Welcome to the future!
In the future, you’ll have magic paths for your money to travel through the air so that you never have to place your pretty hands on those filthy dead presidents again! You don’t know where they’ve been!
Ah, we’re living the life, aren’t we? So many easy ways to budget and we still can’t save a dime.
What if there was a simple way to successfully turn around your budget?
First, I’m not suggesting you recite generic mantras like: “know in your heart that you can do it and track all of your expenses penny by penny every day.”
How many times has that approach worked for you? Let’s put it this way: The people with the patience for that approach, you and I wouldn’t have as friends.
I’m not talking about an easy way for busy people to budget, like I did in this piece last week….today I’m focused like a laser on one financial move so simple that it’s been right in front of you forever and I’ll bet you didn’t notice it.
Here it is: do you use direct deposit? Yes? That’s the good news.
The bad news? There’s a big chance you’re using it wrong.
The magic of direct deposit is that money flows in the direction you want it to go. So, why does it always flow to the one place it shouldn’t be? Why does it flow to your checking account?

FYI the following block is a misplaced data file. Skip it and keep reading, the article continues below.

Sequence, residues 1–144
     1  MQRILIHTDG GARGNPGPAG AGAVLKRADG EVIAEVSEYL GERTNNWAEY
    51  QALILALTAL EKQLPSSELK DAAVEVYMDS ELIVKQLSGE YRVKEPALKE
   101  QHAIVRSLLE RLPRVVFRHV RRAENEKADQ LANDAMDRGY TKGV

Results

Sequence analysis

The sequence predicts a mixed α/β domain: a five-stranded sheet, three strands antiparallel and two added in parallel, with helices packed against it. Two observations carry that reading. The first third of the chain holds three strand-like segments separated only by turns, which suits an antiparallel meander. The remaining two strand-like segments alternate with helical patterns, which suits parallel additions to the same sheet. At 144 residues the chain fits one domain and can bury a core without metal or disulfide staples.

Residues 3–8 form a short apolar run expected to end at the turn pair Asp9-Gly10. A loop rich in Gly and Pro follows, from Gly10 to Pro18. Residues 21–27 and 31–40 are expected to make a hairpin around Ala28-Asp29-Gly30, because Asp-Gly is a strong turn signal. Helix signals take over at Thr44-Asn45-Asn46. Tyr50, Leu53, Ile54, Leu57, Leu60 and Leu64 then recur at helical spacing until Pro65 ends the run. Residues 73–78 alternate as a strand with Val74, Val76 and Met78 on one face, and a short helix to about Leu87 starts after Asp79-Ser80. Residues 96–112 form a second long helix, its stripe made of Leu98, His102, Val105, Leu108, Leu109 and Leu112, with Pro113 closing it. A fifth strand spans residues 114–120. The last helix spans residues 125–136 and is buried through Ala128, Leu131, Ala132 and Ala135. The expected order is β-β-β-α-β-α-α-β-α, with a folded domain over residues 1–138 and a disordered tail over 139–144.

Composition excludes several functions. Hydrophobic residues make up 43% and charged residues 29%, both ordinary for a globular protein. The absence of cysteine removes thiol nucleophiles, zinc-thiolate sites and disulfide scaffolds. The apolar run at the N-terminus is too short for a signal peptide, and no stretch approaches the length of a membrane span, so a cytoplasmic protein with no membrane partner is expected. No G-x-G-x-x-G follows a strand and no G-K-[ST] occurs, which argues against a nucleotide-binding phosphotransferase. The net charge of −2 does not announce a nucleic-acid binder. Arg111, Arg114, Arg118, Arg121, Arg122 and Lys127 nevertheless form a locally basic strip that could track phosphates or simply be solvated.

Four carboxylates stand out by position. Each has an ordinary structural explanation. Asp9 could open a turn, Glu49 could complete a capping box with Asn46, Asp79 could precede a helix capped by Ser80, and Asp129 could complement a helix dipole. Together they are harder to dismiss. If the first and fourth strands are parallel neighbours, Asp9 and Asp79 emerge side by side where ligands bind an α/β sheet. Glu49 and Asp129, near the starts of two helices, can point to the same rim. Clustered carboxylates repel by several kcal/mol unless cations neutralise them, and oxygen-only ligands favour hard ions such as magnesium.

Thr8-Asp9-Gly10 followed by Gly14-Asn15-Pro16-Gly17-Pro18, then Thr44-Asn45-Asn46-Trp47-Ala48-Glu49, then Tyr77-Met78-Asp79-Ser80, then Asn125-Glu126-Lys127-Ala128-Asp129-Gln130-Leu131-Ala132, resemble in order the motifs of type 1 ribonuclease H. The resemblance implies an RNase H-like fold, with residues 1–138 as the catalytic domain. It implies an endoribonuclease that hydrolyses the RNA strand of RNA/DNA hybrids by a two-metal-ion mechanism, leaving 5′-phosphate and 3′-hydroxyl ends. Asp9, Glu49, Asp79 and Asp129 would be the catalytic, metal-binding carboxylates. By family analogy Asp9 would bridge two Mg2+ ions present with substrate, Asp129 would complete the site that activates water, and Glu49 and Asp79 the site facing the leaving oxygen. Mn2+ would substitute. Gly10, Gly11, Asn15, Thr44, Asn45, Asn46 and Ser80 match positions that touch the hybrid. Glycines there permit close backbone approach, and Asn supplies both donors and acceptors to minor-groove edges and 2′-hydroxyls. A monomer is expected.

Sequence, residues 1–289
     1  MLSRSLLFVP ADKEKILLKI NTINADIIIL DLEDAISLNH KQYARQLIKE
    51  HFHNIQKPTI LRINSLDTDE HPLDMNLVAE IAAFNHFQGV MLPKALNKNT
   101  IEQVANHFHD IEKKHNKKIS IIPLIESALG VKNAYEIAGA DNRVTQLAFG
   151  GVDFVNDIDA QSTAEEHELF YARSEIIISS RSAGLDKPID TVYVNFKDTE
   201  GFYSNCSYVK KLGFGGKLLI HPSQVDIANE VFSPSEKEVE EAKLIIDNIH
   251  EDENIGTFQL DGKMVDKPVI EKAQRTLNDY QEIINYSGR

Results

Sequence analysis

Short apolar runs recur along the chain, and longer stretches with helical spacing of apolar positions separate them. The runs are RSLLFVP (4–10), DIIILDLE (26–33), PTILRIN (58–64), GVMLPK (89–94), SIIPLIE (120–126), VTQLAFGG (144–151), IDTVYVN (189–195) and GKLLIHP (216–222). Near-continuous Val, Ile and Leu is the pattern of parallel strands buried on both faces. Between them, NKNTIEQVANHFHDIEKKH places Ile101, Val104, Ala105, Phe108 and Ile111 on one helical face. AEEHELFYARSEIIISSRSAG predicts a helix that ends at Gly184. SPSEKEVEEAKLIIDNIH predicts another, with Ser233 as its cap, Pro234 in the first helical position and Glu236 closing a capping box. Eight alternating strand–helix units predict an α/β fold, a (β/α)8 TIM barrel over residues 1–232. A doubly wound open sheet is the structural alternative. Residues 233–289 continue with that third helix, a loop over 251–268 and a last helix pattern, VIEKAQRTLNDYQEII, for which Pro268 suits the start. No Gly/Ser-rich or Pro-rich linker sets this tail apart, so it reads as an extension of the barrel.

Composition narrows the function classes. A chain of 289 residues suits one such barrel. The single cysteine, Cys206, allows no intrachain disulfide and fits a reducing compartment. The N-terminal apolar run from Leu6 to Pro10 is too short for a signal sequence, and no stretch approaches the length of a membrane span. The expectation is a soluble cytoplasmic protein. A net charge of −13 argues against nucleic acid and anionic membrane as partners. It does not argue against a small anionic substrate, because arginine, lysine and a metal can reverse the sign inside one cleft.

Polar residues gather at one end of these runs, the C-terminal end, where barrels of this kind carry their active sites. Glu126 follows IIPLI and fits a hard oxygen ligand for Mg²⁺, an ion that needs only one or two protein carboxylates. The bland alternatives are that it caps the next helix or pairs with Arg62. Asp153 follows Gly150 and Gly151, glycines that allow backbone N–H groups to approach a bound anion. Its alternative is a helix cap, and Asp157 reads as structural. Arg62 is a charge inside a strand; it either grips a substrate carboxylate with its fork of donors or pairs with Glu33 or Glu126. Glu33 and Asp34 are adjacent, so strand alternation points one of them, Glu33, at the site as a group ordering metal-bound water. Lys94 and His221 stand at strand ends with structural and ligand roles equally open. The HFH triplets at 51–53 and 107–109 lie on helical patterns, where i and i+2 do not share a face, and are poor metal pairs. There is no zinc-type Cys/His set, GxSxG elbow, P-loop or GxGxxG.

So, I Was Broke
It was 1999. I was at the ATM machine when I had this a-ha! moment. I couldn’t stop grinning. I’m sure the people behind me thought I was an escaped mental patient.
Standing there, like I had for much of my early career, I was out of money. When I got a few bucks in my checking account, it flowed directly away from me.
My receipt showed that I had three dollars in my account. I was kicking myself when I remembered a cheesy old quote I’d tell clients all the time:
What’s the definition of insanity? …doing the same thing again and again and expecting different results.
Putting money into my checking account was the dumbest thing I could ever do. I’d just spend it all. Something would come up….probably something that at the time seemed really important….and then I’d blow all my cash.
Standing there, I had a revelation: What if I never had money in my checking account?
Wealthy People Practice Good Habits
I thought about my rich clients. They always complained during our meetings about never having any money. It blew me away. Sure, they’d take expensive vacations and lived in palatial estates, but if you asked them to open their wallet, they never had any cash on them, and they were frustrated. One client asked me if he could have some money from his account to get something to eat.
Then I realized the truth. Wealthy people forced themselves to save money by not having it on them. Leaving cash where you could spend it was a habit that created spending. Being in the store created purchases.
That’s when I began moving money to my savings account instead.
The Airport Trick